Background and Objectives: Outcomes for patients undergoing major pancreatic surgery have improved, but a subset of patients that significantly utilize more resources exists. Variables that can lead to an increase in resource utilization in patients undergoing pancreatic surgery were identified. Methods: Patients undergoing pancreatic surgery for neoplasms were identified from the NSQIP database (2006-2008). Indices associated with increased resource utilization that we included were operative time (OT), length of stay (LOS), intraoperative RBC transfusion, return to operating room, and occurrence of postoperative complications. Analysis of covariance and multivariable logistic regression were performed. Results: The 4,306 included patients had a median age of 66 years and 50.3% were males. The 30-day morbidity and mortality were 29.3% and 3.2%, respectively. Median OT was 362 min and median LOS was 10 days. Malignancy, neoadjuvant radiation, and medical co-morbidities were associated with increased OT (P <0.0001 for all). Declining preoperative functional status was the most important predictor of LOS (P <0.0001). Age, male gender, hypertension, severe COPD, and higher BMI were significantly associated with postoperative complications (Pa<0.050 for all). Conclusions: Morbidity after pancreatic surgery remains high. Age, obesity, performance status, medical co-morbidities, and neoadjuvant radiation affect outcomes and may lead to increased use of hospital resources.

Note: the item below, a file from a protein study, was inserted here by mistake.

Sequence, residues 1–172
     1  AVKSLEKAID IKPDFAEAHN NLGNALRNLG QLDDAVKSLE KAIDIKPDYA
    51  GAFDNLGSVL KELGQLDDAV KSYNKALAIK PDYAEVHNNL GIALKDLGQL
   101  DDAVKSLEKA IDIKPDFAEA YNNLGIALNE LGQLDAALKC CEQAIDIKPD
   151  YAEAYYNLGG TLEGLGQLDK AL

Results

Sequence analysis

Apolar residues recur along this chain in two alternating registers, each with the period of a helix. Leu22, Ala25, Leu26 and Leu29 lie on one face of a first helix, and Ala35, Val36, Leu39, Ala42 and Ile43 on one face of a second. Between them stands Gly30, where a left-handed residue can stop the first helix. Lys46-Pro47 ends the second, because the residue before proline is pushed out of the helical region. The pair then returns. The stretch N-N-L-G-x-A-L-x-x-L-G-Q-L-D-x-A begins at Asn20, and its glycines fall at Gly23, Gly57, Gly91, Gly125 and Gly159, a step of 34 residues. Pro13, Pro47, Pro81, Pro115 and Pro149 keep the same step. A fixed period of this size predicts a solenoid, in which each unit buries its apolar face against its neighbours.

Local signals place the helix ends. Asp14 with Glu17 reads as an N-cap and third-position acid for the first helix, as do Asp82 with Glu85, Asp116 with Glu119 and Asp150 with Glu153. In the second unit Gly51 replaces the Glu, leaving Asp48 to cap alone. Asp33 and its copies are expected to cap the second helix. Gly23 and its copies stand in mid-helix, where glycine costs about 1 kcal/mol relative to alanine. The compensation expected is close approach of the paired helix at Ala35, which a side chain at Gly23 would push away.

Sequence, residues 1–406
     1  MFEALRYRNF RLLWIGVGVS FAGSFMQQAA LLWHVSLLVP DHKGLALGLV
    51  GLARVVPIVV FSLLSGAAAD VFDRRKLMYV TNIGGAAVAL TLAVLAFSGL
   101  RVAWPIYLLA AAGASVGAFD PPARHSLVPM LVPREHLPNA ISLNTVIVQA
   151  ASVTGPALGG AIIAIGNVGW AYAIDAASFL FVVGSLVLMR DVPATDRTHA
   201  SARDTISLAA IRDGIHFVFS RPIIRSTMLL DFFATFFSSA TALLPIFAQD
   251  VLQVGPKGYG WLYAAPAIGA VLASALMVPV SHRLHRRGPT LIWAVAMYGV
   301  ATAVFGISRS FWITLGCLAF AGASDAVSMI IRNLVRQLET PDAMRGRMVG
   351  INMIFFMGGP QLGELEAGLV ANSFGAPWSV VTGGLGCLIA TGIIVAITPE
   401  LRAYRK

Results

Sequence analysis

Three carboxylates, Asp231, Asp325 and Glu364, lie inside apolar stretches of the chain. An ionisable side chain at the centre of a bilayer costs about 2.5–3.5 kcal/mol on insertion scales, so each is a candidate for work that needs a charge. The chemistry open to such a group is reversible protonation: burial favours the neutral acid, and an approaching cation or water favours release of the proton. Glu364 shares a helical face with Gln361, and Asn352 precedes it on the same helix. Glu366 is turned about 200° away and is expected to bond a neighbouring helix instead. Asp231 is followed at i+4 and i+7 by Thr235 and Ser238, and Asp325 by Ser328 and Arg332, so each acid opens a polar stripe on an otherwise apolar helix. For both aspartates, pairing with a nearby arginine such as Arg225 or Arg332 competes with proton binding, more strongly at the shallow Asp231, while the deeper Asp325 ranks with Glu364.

- pancreatic surgery
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